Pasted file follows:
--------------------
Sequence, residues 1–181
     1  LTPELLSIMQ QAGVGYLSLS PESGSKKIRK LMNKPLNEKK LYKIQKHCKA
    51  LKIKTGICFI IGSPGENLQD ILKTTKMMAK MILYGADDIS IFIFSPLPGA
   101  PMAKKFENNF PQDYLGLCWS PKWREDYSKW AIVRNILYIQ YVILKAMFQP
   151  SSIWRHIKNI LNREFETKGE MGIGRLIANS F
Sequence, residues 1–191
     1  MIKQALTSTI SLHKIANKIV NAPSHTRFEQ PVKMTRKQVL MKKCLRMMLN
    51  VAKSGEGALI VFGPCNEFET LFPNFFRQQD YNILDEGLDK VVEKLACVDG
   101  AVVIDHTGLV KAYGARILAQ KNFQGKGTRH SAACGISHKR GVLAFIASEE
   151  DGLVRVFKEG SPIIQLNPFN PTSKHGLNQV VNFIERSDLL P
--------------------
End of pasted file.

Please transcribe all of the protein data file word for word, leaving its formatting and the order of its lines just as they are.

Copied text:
Sequence, residues 1–181
     1  LTPELLSIMQ QAGVGYLSLS PESGSKKIRK LMNKPLNEKK LYKIQKHCKA
    51  LKIKTGICFI IGSPGENLQD ILKTTKMMAK MILYGADDIS IFIFSPLPGA
   101  PMAKKFENNF PQDYLGLCWS PKWREDYSKW AIVRNILYIQ YVILKAMFQP
   151  SSIWRHIKNI LNREFETKGE MGIGRLIANS F
Sequence, residues 1–191
     1  MIKQALTSTI SLHKIANKIV NAPSHTRFEQ PVKMTRKQVL MKKCLRMMLN
    51  VAKSGEGALI VFGPCNEFET LFPNFFRQQD YNILDEGLDK VVEKLACVDG
   101  AVVIDHTGLV KAYGARILAQ KNFQGKGTRH SAACGISHKR GVLAFIASEE
   151  DGLVRVFKEG SPIIQLNPFN PTSKHGLNQV VNFIERSDLL P